I visited High Wood and Delville Wood and Trones wood a few weeks ago. I go there as often as I can. Not fare from the UK.
David Hunt (author) from Cedar Rapids, Iowa on January 10, 2015:
Thanks for commenting, Lal. It's amazing what you can find "tucked away" off-the-beaten-path in England (and I assume other European countries), isn't it? A long time ago I remember stopping at a small restaurant-pub and round back was an old Spitfire and Hurricane. Here in Iowa, that would be a major tourist attraction!
Lal on January 10, 2015:
I was driving thurogh Southern England and saw a small sign advertising a tank museum just off the road. I didn't have much else to do so thought I'd do a quick check. Well........spent the whole day there. They had pretty much every tank ever built in the place. Lots of dioramas and cut outs of the insides and armor. Best museum I've ever been to. Can't remember the name but a Google check would find it. Definitely worth it if you're over there.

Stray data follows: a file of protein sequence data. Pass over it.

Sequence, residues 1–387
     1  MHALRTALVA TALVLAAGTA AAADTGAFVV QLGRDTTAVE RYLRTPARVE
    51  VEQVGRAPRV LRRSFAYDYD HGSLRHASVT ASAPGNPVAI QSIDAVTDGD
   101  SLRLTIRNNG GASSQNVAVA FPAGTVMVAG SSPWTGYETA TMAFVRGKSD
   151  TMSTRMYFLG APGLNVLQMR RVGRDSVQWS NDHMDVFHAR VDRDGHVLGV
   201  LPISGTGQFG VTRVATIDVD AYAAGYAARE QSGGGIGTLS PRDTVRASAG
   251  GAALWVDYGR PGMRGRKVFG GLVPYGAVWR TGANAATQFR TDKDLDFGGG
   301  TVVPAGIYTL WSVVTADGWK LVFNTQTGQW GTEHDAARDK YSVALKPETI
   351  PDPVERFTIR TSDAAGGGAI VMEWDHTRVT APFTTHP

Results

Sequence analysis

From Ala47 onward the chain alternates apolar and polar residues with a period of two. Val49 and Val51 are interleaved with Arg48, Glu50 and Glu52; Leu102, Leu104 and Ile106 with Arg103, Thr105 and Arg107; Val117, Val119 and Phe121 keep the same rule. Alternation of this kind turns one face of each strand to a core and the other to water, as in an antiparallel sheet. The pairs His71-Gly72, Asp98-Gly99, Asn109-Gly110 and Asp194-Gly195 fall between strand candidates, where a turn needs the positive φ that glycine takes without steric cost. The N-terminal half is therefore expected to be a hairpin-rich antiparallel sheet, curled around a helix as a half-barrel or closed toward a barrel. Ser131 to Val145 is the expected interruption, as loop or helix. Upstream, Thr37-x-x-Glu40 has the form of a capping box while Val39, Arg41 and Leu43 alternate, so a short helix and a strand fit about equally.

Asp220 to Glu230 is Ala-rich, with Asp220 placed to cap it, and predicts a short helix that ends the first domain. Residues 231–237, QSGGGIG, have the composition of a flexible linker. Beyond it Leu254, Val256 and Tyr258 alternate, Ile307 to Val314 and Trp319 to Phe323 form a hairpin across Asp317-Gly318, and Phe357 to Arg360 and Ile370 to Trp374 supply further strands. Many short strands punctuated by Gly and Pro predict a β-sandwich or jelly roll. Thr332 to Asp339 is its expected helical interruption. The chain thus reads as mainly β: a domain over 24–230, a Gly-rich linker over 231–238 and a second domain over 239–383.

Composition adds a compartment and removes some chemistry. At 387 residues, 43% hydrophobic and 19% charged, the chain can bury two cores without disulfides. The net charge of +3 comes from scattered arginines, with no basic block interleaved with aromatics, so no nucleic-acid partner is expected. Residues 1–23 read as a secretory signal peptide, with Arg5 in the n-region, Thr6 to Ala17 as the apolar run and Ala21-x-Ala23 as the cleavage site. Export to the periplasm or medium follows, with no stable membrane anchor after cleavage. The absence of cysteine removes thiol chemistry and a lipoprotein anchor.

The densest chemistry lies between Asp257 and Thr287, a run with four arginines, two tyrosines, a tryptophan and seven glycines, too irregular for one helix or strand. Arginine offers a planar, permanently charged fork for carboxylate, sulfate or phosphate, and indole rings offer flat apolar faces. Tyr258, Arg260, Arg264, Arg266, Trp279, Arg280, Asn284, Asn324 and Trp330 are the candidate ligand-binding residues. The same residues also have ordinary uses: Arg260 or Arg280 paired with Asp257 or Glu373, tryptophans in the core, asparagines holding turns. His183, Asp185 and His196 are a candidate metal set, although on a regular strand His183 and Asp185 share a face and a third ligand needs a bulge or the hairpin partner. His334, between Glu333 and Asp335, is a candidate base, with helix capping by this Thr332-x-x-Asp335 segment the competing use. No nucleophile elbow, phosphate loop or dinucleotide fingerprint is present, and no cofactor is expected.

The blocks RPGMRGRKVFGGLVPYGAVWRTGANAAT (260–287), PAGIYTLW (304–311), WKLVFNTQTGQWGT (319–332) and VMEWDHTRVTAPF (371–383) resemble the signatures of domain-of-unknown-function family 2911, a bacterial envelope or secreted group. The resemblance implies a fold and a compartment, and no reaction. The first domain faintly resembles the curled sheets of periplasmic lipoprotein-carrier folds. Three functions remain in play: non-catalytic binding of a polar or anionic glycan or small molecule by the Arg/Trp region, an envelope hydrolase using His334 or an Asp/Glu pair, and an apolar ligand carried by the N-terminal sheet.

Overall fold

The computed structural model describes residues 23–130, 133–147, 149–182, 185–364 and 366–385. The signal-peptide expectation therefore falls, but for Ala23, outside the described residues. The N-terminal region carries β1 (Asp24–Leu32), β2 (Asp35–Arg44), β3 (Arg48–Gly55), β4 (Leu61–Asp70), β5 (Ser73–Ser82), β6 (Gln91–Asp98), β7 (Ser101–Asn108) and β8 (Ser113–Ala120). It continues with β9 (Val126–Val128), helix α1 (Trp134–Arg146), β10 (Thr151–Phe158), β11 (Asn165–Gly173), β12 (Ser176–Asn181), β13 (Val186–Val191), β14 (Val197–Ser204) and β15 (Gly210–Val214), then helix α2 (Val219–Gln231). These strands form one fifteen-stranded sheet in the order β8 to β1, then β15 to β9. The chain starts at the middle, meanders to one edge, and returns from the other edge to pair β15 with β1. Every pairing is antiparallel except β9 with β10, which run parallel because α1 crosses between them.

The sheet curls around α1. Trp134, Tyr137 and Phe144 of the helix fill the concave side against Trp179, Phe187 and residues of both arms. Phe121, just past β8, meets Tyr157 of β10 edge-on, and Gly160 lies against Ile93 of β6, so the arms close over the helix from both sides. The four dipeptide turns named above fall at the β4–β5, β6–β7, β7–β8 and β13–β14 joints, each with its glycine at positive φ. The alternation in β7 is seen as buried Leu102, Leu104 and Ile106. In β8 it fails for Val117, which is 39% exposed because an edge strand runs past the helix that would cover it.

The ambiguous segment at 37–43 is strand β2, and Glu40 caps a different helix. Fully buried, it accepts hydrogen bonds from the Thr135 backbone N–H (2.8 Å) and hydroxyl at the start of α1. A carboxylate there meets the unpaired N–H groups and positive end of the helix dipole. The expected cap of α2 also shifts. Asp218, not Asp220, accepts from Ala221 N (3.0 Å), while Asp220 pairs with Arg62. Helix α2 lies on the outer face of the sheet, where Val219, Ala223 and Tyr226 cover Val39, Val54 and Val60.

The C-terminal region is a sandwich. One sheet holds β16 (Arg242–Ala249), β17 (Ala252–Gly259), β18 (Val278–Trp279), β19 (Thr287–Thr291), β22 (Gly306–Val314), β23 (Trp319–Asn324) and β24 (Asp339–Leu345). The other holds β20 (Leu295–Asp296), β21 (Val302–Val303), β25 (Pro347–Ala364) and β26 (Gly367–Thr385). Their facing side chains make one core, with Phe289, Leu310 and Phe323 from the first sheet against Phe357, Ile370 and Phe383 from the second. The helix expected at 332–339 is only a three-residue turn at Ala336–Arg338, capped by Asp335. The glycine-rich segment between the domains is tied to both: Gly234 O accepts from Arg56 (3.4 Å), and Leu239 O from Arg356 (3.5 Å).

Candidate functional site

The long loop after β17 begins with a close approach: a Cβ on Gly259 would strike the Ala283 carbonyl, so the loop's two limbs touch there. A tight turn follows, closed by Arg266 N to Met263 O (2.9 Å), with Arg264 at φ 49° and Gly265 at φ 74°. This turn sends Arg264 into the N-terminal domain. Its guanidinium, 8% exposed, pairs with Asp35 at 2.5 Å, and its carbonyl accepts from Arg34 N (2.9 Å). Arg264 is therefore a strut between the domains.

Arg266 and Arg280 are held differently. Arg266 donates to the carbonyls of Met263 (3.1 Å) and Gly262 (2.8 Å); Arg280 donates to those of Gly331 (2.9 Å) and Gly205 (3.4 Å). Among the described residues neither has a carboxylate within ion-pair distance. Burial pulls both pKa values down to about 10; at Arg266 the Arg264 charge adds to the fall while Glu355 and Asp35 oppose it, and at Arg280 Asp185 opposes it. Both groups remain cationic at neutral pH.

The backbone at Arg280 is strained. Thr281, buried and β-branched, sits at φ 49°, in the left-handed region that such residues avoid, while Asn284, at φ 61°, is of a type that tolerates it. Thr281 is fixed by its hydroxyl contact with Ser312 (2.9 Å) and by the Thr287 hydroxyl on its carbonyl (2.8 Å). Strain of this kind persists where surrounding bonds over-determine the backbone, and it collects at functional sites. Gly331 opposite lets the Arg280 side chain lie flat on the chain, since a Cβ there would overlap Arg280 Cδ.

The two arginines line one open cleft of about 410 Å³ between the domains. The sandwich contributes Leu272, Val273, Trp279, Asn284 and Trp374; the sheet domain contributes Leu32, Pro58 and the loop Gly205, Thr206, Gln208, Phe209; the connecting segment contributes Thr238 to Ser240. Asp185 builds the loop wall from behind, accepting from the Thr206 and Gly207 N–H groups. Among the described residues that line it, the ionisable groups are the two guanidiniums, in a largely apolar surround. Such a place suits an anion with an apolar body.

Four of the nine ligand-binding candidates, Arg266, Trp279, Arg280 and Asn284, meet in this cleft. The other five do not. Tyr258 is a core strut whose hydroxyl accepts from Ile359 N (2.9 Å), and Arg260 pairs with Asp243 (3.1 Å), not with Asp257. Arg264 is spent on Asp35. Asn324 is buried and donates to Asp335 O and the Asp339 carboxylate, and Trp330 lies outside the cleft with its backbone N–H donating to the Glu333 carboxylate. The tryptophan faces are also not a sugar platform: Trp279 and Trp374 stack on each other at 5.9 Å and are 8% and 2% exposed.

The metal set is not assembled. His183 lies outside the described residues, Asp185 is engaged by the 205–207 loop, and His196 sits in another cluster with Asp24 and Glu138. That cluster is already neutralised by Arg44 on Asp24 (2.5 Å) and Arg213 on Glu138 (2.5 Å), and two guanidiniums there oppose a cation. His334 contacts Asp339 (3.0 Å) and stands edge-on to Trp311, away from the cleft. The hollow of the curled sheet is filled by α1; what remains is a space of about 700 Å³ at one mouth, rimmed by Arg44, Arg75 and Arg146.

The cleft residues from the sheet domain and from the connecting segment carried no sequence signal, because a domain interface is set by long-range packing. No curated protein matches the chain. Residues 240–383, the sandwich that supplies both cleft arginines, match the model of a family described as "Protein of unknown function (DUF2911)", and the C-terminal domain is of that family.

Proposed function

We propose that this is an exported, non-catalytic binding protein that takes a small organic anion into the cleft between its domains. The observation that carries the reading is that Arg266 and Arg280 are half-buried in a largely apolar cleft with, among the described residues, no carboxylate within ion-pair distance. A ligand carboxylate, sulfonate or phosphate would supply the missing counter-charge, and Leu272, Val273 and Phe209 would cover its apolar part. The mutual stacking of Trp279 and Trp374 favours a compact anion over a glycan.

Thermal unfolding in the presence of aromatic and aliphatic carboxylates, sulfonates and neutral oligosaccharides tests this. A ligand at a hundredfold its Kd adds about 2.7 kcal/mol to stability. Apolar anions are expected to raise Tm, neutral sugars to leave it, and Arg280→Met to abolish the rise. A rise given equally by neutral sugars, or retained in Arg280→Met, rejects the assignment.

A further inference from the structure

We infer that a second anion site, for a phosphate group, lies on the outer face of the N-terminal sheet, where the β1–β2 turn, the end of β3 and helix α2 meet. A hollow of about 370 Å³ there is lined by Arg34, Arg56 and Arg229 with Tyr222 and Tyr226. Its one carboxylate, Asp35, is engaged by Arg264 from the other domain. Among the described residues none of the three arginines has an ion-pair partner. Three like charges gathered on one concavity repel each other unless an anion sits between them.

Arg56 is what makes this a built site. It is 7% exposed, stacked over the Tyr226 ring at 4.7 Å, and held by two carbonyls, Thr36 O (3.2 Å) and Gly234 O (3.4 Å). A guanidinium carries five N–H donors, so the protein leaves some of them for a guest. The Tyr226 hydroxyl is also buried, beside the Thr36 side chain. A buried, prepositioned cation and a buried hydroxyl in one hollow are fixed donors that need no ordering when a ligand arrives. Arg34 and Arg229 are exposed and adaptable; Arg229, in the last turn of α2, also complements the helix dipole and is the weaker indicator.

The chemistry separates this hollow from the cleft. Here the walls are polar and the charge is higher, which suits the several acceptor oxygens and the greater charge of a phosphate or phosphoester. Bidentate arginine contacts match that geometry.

David Hunt (author) from Cedar Rapids, Iowa on September 02, 2014:
Thank you for commenting, Kenneth. So many battles-- some battles within battles; so many strange names and some plain like "High Wood", almost Winnie-the-Pooh-like. And each one a horror in its own way.
Kenneth Catchpole on September 02, 2014:
My Gt.Uncle James died of wounds received in High Wood,he served with the Royal West Kent Regt.(The Queens)he is buried at Heilly Station Cemetery,I found his grave about three years ago,what a terrible waste of young lives.
David Hunt (author) from Cedar Rapids, Iowa on September 03, 2012: